Who refused to sign the Indian Springs?

Who signed the Treaty of Indian Springs in Georgia?

This treaty between the federal government, represented by commissioners Duncan Campbell and James Meriwether, and a minority of Creek Indians, led by William McIntosh, was signed on February 12, 1825 and ratified by the Senate on March 7, 1825.

Who was the president that declared the Treaty of Indian Springs invalid?

Dear Mr President: John Quincy Adams. The Treaty of Indian Springs was signed on February 12, 1825. In it, 51 members of the Creek Nation, including Chief William McIntosh, agreed to give up all of the Creek land in Georgia.

Did William McIntosh signed the Treaty of Indian Springs?

However, for his role in the first Treaty of Indian Springs, in 1821, McIntosh received 1,000 acres of land at Indian Springs and another 640 acres on the Ocmulgee River. … On February 12, 1825, only six chiefs, including McIntosh, signed the document.

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Who signed the 2nd Treaty of Indian Springs?

The Treaty of Indian Springs, also known as the Second Treaty of Indian Springs, was an agreement between the federal government and a minority of Creek Indians, led by William McIntosh, which sold the remaining Creek land in Georgia for $200,000.

Why did William McIntosh signed the Treaty of Indian Springs?

Because McIntosh led a group that negotiated and signed a treaty in 1825 to cede much of remaining Creek lands to the United States in violation of Creek law, for the first time the Creek National Council ordered that a Creek be executed for crimes against the Nation. It sentenced him and other signatories to death.

What was William McIntosh known for?

William McIntosh (1775 – April 30, 1825), was also commonly known as Tustunnuggee Hutke (White Warrior), was one of the most prominent chiefs of the Creek Nation between the turn of the nineteenth century and his execution in 1825. He was a chief of Coweta town and commander of a mounted police force.

Who signed the Indian Removal Act?

The Indian Removal Act was signed into law by President Andrew Jackson on May 28, 1830, authorizing the president to grant unsettled lands west of the Mississippi in exchange for Indian lands within existing state borders. A few tribes went peacefully, but many resisted the relocation policy.

Who was removed by the Trail of Tears?

The Trail of Tears National Historic Trail commemorates the removal of the Cherokee and the paths that 17 Cherokee detachments followed westward.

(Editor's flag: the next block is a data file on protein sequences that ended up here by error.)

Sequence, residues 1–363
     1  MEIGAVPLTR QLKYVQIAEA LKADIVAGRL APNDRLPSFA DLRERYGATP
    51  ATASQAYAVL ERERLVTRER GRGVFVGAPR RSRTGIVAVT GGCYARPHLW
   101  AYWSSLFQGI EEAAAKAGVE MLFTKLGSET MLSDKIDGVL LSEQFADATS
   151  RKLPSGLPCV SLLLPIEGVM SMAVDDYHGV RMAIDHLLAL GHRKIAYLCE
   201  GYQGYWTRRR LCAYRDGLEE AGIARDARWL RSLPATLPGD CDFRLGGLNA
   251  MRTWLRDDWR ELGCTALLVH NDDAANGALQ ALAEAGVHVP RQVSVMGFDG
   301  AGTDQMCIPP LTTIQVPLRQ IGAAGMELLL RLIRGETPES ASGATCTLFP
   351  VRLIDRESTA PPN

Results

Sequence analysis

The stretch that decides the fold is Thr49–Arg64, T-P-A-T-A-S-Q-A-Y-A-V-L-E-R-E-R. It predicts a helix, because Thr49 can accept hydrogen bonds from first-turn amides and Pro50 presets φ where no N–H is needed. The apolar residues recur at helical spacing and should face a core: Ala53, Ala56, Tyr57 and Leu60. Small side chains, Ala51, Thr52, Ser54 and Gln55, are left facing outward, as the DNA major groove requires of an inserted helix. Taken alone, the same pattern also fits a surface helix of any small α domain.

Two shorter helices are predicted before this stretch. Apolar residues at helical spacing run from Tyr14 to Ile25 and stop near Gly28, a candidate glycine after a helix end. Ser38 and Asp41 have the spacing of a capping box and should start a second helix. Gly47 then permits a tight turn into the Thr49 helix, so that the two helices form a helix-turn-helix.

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What role did McIntosh play in the Creek removal from Georgia?

William McIntosh was a Creek chief who signed the Treaty of Indian Springs. He signed it with his cousin, GA governor George Troup. This gave away the last remaining creek lands in GA and caused him to be excuted by his people.

What did William McIntosh fear?

William McIntosh feared the United States of America and the power that that nation had over the Creek People. This fear is what probably caused him to sign the treaty that surrendered most of Creek land to the Americans. He knew that the Creeks would not win in a war against such overwhelming odds.

How did McIntosh regain his status with the Creek?

After the war, the Creek Nation suffered through a terrible famine and McIntosh used this opportunity to regain his status in Creek society by befriending a U.S. Indian agent. Due to this alliance, McIntosh gained the influential position of allocating food and supplies to those Creeks in need.

Who was the leader of the Red Sticks?

William Weatherford (1780-1824) – also known as Red Eagle. Son of a Scottish trader and a Creek woman. Participated in the attack on Fort Mims and was the leader of the Red Sticks at the Holy Ground.

Who signed the Dancing Rabbit Treaty?

The main signatories included John Eaton, John Coffee, Greenwood Leflore, Musholatubbee, and Nittucachee. Nearly 200 other signatures are on the treaty.

Where did William McIntosh signed the Treaty of Indian Springs?

The treaty was signed on January 8, 1821, at Indian Springs, Georgia. Treaty talks, which began in December 1820 at an inn owned by Lower Creek headman William McIntosh, involved representatives from the federal government, Georgia, and more than 20 Creeks led by McIntosh and Tustunnugee Hopoie (Little Prince).

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When were the Cherokee forced off their land?

In 1838 and 1839 U.S. troops, prompted by the state of Georgia, expelled the Cherokee Indians from their ancestral homeland in the Southeast and removed them to the Indian Territory in what is now Oklahoma.